Canebrake Players tackle life issues with humor in ‘Savannah Sipping Society’
The Canebrake Players will take the stage this weekend for it’s latest production, “The Savannah Sipping Society.”
The play centers on four women who each are looking to move on from their problems of the past. It was co-written by Jessie Jones, Nicholas Hope, and Jamie Wooten, the authors of “The Dixie Swim Club,” a play previously performed by the Canebrake Players. The director of “Dixie Swim Club,” Johnny Johnston, is also directing “Savannah Sipping Society.”
“The members of the Canebrake Players Board like to do different things. Having done ‘Dixie Swim Club’ we knew this play would be funny, but have some poignant moments as well,” Johnston said.
The cast is made up of three Canebrake Players veterans along with Kelly Easter, who is making her Canebrake debut. Donna Bishop is playing the role of Randa, Laurie Willingham is Marlafaye, Kelley Mullins is Dot, and Easter plays Jinx. Sandra Booen also appears as “grandmother.”
“When I saw this play, and remembering the fun I had working with these ladies on ‘Swim Club,’ I decided to sign on as director. I knew I wouldn’t be by myself and we have a great cast and crew,” Johnston said.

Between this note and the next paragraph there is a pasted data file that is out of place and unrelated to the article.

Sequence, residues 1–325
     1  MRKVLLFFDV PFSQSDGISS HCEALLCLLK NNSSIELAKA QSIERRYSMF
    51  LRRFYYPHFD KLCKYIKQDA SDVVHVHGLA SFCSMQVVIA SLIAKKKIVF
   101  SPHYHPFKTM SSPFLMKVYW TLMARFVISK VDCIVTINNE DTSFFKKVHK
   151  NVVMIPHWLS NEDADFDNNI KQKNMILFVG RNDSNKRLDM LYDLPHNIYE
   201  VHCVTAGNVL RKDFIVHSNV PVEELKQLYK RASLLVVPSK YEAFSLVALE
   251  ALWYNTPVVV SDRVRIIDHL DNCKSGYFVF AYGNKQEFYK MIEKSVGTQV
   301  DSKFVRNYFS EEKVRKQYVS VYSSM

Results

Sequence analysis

Serving in off-stage roles for “Savannah Sipping Society” includes Brittany Lowe, stage manager; Michael Mullins and Caroline Mullins on light and sound; and Jennifer Roeman, assisted by Susanna Naisbett, is in charge of costumes.
While the play features a female cast, Johnston said most everyone would relate to the problems the characters face.
“Most women will identify with at least one of these characters and men will also identify with it because they will know at least one of these women. They are dealing with common issues that we all face at some point; these are common-life situations,” he said.
“The Savannah Sipping Society” will be performed at the Old School on Main on Friday, Saturday, and Monday evenings at 7 p.m., with a Sunday matinee at 2 p.m. Tickets are $12 for adults and $8 for students. The play is rated PG for adult-oriented humor and innuendo.
(This article originally appeared in the Wednesday, April 24 issue of the Demopolis Times.)